Projects per year
Methods: Consecutive recruitment of 17 patients (14 males) awaiting OLT at a single tertiary hospital. Dietary intake, food behaviours and anthropometry were recorded at baseline, and 6 and 12 months post-transplant.
Results: By 12 months, patients had gained on average 7.3% of body weight. The prevalence of overweight or obesity increased from baseline 53% to 77% (P=0.001). By 6 months, 65% (n=11/17) of patients had altered glucose metabolism. Dietary intake was consistent with a Western-style dietary pattern with high saturated fat. Over half of the patients (69%, n=11/16) reported low to no depressive feelings and rated their self-esteem as good (53%, n=9/16). The Power of Food Scale increased between pre and post-transplant, indicating a stronger appetitive drive.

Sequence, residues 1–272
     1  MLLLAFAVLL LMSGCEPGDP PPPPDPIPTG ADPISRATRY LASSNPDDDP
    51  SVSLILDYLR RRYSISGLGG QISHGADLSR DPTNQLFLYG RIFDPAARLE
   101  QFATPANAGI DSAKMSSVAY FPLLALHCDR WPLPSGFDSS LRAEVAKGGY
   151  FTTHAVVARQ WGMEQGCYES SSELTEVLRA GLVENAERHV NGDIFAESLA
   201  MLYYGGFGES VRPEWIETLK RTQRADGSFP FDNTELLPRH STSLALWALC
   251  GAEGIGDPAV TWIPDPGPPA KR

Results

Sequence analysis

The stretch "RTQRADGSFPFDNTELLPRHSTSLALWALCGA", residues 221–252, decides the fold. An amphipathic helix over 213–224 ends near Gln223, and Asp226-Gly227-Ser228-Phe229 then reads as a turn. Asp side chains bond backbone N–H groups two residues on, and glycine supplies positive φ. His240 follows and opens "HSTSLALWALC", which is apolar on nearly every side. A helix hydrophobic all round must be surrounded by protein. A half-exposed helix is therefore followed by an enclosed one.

Conclusions: Weight gain occurs early post-transplant, with significant metabolic dysfunction present within 6 months, however is not associated with significant psychological distress. Early dietary intervention designed to limit weight gain and target cardiometabolic health is recommended for this unique patient population.
Nutrition for Chronic Disease and Disability: Research to improve health related quality of life and bring forward the under-represented voice
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